Report highlights and wider lessons

The Report runs to 143 pages (the summary of findings is 37 pages) and an Official Warning for past failings has been delivered to the charity, together with a direction to submit an action plan by the end of June (among other things). Whilst it is clear from the Report that Oxfam has made significant progress to improve weaknesses in its safeguarding since 2017 and throughout the Inquiry, the direction has been issued ostensibly ‘…to provide continued public assurance that the outstanding actions necessary will be implemented’.

Having considered the wider issues for the sector, the Report also provides some more universal lessons as part of this exercise:

  • trustees are ultimately responsible and, therefore accountable, for everything done by the charity and those representing the charity. Trustees, therefore need to ensure they have effective oversight, including mechanisms for holding the executive to account;
  • protecting people and safeguarding responsibilities should be a governance priority for all charities;
  • the Commission accepts that charities often operate in exceptionally difficult circumstances, including humanitarian crises, and that lives depend on the work of many of these operations. However, the challenging operational context cannot be used as an excuse not to take reasonable steps to protect people and failings in safeguarding cannot be justified by reference to the importance of the cause;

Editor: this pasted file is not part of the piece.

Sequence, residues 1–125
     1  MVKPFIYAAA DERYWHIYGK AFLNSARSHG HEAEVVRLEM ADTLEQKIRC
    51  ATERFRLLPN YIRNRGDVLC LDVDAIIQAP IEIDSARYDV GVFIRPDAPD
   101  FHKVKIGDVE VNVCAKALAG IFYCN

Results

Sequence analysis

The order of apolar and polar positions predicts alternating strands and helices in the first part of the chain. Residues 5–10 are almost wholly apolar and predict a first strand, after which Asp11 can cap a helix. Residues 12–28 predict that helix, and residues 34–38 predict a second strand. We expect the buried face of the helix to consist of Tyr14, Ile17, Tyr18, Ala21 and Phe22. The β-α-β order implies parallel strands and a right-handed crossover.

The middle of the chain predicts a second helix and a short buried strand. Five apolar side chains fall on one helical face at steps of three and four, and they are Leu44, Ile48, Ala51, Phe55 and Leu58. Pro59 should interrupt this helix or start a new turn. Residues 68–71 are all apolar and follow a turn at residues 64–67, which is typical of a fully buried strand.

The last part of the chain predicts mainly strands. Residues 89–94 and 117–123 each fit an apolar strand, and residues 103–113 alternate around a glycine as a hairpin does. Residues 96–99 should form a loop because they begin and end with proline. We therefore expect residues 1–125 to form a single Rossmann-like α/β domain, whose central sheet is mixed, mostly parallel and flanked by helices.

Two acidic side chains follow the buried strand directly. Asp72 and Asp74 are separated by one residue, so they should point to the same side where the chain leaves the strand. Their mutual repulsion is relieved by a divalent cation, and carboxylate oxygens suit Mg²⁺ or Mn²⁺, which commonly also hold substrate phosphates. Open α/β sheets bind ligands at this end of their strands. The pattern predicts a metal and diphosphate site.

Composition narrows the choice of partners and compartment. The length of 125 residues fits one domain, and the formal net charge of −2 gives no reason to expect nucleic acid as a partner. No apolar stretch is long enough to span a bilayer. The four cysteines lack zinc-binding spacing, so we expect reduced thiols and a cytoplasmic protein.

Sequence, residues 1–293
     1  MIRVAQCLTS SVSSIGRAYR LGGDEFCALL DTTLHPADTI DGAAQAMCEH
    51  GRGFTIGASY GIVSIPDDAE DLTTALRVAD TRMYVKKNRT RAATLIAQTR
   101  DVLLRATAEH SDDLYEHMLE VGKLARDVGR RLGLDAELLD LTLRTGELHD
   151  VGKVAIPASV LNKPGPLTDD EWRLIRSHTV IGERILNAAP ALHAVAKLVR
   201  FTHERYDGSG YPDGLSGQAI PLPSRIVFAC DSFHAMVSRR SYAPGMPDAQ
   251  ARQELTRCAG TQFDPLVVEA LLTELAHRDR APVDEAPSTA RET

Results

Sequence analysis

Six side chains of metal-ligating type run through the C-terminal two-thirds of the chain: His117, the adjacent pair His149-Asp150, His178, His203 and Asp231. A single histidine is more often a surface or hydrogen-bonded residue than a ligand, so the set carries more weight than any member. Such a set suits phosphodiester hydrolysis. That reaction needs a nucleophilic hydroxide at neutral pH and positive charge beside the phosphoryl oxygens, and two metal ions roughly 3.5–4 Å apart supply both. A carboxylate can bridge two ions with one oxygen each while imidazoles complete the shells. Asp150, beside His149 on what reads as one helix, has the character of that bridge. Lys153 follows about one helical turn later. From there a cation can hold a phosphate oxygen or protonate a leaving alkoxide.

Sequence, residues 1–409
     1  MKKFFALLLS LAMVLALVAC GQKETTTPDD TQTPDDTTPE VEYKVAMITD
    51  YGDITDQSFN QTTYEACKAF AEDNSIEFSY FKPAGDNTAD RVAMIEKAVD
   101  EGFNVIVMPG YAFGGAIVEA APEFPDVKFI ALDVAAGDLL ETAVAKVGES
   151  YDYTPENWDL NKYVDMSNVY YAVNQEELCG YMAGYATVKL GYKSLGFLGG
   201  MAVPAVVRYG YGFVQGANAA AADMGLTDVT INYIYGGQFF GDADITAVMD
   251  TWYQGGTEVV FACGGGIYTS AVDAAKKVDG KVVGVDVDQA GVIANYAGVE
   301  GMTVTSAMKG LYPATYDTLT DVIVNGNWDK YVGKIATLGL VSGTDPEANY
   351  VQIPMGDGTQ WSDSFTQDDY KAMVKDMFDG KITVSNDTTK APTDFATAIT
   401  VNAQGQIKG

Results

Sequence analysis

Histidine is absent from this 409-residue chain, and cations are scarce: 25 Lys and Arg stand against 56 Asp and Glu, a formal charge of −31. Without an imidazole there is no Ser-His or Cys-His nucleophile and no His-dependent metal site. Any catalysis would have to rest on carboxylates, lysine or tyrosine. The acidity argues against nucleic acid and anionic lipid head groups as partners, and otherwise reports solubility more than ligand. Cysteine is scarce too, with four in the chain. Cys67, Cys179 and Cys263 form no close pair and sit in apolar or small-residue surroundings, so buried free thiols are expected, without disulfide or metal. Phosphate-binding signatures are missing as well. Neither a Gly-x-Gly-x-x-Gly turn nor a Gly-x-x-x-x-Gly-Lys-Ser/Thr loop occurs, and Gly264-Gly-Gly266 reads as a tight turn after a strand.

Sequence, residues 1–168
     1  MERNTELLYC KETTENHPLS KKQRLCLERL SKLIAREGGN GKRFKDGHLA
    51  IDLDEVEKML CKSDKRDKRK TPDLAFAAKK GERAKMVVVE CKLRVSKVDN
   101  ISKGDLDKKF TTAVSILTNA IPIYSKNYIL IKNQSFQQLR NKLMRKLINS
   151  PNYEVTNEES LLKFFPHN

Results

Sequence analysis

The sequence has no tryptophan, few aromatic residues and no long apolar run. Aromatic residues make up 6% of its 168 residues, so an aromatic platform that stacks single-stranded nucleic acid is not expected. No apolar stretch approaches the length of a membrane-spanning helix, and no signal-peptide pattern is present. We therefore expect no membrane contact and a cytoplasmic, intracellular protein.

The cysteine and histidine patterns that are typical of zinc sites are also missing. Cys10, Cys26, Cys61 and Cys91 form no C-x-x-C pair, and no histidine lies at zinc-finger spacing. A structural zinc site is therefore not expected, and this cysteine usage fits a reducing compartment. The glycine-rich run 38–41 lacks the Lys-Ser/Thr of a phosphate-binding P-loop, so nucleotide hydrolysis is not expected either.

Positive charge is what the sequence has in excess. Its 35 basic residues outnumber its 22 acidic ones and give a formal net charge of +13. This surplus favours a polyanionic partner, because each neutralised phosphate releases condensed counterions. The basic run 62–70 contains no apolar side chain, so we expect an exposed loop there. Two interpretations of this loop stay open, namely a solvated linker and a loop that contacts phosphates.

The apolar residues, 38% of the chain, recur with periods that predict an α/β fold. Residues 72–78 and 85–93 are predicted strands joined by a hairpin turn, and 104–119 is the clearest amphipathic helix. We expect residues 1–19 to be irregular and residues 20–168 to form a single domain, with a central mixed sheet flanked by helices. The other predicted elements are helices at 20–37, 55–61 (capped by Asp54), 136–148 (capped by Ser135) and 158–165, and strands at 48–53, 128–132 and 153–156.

• trustees should set the tone and lead by example – this includes setting and ‘owning’ the charity’s values;
  • there should be proper processes in place for whistle-blowers – both to facilitate the raising of concerns and to keep whistle-blowers informed of the consequences of their report i.e. what has been done as a result of those concerns being raised;
  • charities should ensure they deal properly with incidents of harm to people and report them. This includes reporting to the Commission, in line with their guidance on reporting serious incidents; and
  • the Commission has long emphasised the importance of charities protecting their reputation. However, seeking to avoid negative press at the expense of recognising, acknowledging and dealing with incidents when they happen will not achieve that. The Commission also takes the view that trustees have a ‘shared responsibility to uphold the reputation of charity as a whole’. The legal basis for such a responsibility is debatable but in practice protecting your own charity’s reputation properly will likely have that effect.

While there is much food for thought in these ‘wider lessons’, perhaps the key take away for trustees is the reminder of their overall responsibility and the implications of what the charity does (or does not do). The connection between decisions in the board room and front line delivery can be difficult, especially for volunteer trustees for whom this is not the ‘day job’. It is not an issue which can be solved overnight, but an ongoing process of scrutiny and endeavour where aspiration is key. This is not just a matter of safeguarding but of other risks facing the charity too. As such, there is an ever increasing pressure on resources to ensure effective processes and monitoring are in place, and a heavy burden on trustees. Notwithstanding these pressures, it is clear that trustees have to be prepared to challenge the information they receive (on safeguarding and on other areas) and to ask the difficult questions. If not them, then who?